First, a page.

I heard a faint gritty sound as the contents of several charcoal capsules were mixed with a few drops of water.  Blobs of the black mixture were applied to the bite on my head, to the original one on my thigh and to the several on my backside. Large bandaids were laid over the charcoal.

We have bought tick repellant. I have daubed it on my shoes, my socks, the top of my head, my wrists.  I have worn jeans, shoes and socks outside. I have inspected myself several times daily--always when coming in from the garden.
Still I come in with these unwanted parasites attached.
Ater pruning the grapevines, I removed one from my shirtfront, another as it trespassed across my belly.  J. had to twist one off my collarbone.
Tonight in the shower I scraped off yet another.
J. has had two ticks--one which "bit" him and one which he apprehended as it progressed up his arm.
I'm not sure why I present such a vulnerable target.
What a pestilence!  Unlike the unloveable vultures, the ticks seem to serve no useful pupose.

I think they were watching me watching them.

To those who have persevered through this tirade, I leave you with a photo of a terrapin which J. hastened across the road before it could be smashed by a car--the fate of one just up the highway.
It is the second live one he has found.
A neighbor, stopping to chat a few minutes earlier, had mentioned them.
If you are from around here, you need to call it a "tar-pin."


  1. Urrggggggggghh to the ticks. That's one thing you weren't expecting to be "enjoying", right? Over here they are associated with Lyme's Disease which they pick up from Deer. It is not nice to have (qv) so perhaps worth checking this out with your Doc? Not wishing to panic you or anything - perhaps you are in a relatively deer-free zone.

    We get them in this country - especially where there are sheep, and perhaps where you are walking through heather and bracken. When I worked with horses and the hunters picked one up, I used to apply a lighted cigarette to them - they sizzle very satisfactorily and will let go with their jaws. Sometimes the cats get one here - I no longer smoke - and just grab them with tweezers.

    P.S. you can keep your vultures too!!!

  2. Another P.S. - If you smothered yourself in Vaseline the ticks wouldn't get a hold!! There, just what you want from April till October!!

  3. Not one of the up sides of moving to Kentucky I think! Ticks are horrible things, I've never had one but the animals have picked them up occasionally. Some of them carry Lyme Disease I gather - I hope your local ones aren't among those. I hope these awful things aren't going to spoil your summer.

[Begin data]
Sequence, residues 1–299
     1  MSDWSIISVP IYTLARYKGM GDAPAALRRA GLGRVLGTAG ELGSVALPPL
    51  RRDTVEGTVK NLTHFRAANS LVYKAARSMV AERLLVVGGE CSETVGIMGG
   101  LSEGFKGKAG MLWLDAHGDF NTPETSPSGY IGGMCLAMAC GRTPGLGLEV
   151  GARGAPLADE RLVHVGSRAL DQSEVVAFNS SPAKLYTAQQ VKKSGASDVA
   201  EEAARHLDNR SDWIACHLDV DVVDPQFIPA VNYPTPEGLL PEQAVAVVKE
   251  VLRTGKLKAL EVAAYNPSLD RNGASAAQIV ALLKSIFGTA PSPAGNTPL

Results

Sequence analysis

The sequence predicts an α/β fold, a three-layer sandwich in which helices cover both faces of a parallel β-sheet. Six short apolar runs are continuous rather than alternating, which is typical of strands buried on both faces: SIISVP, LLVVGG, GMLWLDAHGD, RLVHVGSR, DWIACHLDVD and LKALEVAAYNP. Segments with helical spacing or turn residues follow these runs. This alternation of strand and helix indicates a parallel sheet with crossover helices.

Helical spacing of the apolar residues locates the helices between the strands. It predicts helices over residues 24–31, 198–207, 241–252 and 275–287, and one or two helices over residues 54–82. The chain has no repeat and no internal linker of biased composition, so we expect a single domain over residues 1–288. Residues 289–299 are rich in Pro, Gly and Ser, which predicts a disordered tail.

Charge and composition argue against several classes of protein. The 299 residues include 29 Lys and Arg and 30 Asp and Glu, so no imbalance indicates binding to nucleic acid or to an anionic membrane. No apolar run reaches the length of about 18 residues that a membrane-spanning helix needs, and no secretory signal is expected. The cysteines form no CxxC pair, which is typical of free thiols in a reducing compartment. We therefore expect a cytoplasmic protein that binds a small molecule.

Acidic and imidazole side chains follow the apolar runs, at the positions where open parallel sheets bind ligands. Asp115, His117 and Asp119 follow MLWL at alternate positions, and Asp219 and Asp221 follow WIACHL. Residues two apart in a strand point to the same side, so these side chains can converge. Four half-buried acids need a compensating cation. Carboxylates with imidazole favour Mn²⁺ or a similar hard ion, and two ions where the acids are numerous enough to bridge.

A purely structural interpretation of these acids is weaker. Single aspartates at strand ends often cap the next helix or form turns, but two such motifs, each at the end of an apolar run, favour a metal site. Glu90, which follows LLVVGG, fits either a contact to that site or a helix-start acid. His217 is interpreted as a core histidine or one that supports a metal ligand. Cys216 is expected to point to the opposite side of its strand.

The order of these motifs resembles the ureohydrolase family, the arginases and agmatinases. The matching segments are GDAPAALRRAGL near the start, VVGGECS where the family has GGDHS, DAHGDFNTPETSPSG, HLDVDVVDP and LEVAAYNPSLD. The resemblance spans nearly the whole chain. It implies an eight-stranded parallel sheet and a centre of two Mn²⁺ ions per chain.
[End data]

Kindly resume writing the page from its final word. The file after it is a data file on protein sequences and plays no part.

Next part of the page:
4. Oh dear! Ticks. I don't want to worry you but they do cause Lyme disease which is a very nasty and long enduring thing -- weakness fatigue etc. Can you get your large area of land sprayed for ticks, just once? I'd hate to think of you laid up. Your hubby is right. They need to come out and the area disinfected. Sorry -- me, the worry wort.

  5. Poor you,

    But what a lovely {?} post about being indignant about the indignity of bugs on the bum. You did make me smile - sympathetically I promise - as I read this. Do the locals have a way of coping with the scourge of ticks.

    On the rare occasion I had a tick or two I have used my Dad's preferred option of rubbing them with alcohol. I'm not sure it's the best answer, but you do have to have some in the house - for medicinal purposes of course....

    J's toruser dropping anxiety attack made me laugh too but that's not a picture I would like to have in mind on a regular basis.

    Thanks for an enjoyable start to the day.


  6. While I sympathize with your tick plight, I have to admit to laughing out loud at several points, especially J dropping pants outside ( Oh, to live in a place where you can do this without a dozen people immediately surfacing to see the show...) and then you sniveling while cats parade around, nattering, during your surgical procedure...

    I know it's not funny, having to deal with those nasty ticks. But your writing has certainly brought forth the humor of the events, and I thank you for some good laughs to start the day.

    I wonder if there are any herbal remedies to repel ticks? Sort of like wearing a bag of garlic to repel vampires??? Well, best of luck on remaining tick-free! Too bad there has to be this headache to interfere with your enjoyment of your beautiful acres.

  7. Now you didn't expect to be attacked by ticks when you moved there did you ... good thing the cats are indoor ones as ticks LOVE cats. We only have a problem if an outdoor one decides to roam for a few nights up to the fields a mile or so away.
    Good luck with a defence system.

    That 'tar-pin' is so beautiful. I also find buzzards sort of ugly-pretty ...yes ...I know I'm strange lol

  8. We fight with ticks too, I stay out of the long grass but my husband has to be checked on a regular basis.
    The vultures sun themselves on our roof too, at my age I find that worrisome.
    My husband says your turtle is an Eastern Box Turtle.
    He rescued a pair last year, put them in our yard, where one promptly jumped in the water and left the other to wander off on its own.

  9. Since I also love to be outdoors, I frequently have ticks taking up residence on my body as well. They really like the new meat though. I don't get as many as I used to. They are nasty little parasites and can't say that I have any love affair with them. They aren't going to keep me indoors from April until October though. Persevere, it's worth it to enjoy the beauty of nature.